In this seminar, we will study three main topics in the literature of the Middle Ages and Early Modern Western Europe, from approximately 800 to 1500 CE. We will focus on war, love, and storytelling, and we will analyze their evolution diachronically and geographically. War and epics in the chanson de geste will offer us a field of exploration: Which are the values shared by the Chançon de Roland and the Cantar de Mio Cid, why the great French hero Roland turns into the madly in love and raging Orlando of Ariosto, or what Don Quixote and the medieval heroes have in common. Our attention will then turn to medieval romance, especially on courtly love and poetry, analyzing differences between Spaniards and French troubadours, and the poets of the Italian Dolce Stil Novo, continuing to Petrarch and his reception during the Renaissance. Next, we will pay attention to the form of storytelling, analyzing the French roman and lai, and the short narrative of the Decameron. The seminar will be taught in English, and will be conducted primarily through discussions of primary and secondary materials. The readings of primary sources will be given in the original language (French, Spanish, Italian, or Catalan) and in translations.  Students seeking to fulfill a language requirement in French or Spanish should compete their written course work in that language.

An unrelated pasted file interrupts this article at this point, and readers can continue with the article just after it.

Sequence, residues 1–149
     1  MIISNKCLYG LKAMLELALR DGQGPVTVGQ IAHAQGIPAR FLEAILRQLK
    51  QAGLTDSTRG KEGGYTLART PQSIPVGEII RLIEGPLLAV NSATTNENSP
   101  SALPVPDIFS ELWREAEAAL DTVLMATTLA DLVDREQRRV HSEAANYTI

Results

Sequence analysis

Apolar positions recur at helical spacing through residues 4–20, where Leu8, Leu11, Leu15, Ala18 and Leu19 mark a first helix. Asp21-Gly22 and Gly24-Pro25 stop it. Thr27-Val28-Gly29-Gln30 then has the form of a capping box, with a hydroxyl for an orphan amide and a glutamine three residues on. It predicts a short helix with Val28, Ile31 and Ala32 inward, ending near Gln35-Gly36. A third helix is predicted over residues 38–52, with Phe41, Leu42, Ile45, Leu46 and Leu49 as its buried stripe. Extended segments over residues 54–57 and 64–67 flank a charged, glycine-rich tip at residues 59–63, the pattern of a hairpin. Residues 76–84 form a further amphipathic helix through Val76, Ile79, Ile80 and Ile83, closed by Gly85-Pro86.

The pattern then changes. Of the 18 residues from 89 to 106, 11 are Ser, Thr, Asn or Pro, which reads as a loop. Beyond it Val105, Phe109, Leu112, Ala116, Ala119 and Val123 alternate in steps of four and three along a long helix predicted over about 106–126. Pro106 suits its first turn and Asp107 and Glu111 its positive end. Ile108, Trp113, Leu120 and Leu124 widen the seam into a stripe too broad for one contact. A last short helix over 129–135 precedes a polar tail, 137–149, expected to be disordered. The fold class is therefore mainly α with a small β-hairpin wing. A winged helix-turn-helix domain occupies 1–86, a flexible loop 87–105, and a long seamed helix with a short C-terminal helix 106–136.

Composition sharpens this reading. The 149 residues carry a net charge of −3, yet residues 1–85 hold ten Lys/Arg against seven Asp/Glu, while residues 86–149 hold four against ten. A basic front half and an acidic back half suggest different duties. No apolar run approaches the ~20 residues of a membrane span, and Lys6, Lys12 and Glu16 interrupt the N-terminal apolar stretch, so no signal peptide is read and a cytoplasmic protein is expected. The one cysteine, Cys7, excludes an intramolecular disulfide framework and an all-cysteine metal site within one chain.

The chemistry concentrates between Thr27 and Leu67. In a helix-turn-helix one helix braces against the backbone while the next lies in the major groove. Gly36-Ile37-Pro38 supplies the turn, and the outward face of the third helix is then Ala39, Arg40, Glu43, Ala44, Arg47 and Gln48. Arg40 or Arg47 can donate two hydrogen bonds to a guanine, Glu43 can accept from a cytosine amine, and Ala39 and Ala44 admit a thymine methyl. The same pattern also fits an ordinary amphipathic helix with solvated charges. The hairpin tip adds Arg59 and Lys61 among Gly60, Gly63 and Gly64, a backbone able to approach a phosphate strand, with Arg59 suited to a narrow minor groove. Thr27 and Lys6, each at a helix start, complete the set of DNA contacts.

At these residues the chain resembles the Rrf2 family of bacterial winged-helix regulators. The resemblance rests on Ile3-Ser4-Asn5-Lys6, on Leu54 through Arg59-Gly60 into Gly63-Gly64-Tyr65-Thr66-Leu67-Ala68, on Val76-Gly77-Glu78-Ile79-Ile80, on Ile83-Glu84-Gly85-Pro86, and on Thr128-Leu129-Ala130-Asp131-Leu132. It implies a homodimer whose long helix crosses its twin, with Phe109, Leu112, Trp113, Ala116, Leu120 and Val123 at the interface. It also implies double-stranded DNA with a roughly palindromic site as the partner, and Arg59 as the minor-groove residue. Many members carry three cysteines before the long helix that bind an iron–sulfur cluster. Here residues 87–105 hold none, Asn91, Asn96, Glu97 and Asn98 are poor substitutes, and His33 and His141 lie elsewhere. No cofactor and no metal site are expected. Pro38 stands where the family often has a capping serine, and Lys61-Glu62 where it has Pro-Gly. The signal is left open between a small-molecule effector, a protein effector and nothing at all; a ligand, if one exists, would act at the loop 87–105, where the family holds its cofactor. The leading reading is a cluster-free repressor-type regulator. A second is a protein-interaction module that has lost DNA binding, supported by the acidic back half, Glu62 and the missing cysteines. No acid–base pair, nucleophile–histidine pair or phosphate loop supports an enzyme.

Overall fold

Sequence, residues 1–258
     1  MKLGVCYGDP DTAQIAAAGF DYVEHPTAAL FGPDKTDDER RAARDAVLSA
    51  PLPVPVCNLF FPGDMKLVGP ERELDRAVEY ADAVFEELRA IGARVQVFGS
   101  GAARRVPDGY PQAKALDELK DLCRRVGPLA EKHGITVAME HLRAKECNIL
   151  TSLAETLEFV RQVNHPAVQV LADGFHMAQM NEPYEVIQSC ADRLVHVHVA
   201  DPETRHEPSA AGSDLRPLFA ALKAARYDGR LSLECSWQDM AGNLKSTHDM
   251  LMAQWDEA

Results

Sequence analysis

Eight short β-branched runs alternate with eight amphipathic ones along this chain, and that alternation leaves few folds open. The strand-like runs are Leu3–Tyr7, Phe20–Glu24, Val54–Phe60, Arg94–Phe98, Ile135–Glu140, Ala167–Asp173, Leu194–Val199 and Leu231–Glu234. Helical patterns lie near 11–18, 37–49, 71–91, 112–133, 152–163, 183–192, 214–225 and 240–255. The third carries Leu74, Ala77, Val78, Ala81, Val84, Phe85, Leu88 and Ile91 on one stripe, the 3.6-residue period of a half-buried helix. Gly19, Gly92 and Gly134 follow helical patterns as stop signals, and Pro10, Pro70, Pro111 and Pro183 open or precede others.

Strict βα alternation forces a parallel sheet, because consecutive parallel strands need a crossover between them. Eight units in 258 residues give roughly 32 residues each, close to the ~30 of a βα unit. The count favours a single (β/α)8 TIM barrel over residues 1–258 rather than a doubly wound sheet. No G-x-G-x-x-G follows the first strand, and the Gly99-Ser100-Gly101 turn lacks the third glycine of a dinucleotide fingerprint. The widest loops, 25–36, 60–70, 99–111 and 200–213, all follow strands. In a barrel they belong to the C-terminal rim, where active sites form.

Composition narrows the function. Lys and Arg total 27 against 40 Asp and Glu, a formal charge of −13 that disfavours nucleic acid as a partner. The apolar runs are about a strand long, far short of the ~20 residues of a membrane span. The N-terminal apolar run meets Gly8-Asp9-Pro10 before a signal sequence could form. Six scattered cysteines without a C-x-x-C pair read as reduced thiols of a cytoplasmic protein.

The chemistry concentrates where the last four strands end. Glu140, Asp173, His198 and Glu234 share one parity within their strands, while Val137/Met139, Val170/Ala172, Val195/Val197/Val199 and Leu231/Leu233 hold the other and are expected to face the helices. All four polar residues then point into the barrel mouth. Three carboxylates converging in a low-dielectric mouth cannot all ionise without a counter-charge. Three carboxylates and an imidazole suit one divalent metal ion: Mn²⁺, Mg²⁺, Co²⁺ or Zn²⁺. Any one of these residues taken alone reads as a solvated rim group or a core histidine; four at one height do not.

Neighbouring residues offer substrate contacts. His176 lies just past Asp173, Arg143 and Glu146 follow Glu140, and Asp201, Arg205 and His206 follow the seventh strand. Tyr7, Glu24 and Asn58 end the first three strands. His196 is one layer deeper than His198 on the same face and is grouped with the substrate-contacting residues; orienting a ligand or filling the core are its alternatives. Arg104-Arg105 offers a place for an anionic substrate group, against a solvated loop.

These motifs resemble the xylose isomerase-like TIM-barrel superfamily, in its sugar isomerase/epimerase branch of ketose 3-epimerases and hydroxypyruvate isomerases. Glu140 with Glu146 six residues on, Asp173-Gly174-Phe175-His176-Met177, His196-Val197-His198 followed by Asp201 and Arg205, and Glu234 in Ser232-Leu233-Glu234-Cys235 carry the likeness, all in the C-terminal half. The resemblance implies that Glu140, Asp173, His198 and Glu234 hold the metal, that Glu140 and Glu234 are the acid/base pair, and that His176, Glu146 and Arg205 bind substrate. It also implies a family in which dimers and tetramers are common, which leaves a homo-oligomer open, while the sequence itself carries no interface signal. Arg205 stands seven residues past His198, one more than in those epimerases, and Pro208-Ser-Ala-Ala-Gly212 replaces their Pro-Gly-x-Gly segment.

HIS 763: Science, Magic, and Medicine in the Early Modern World
    Professor Mary Lindemann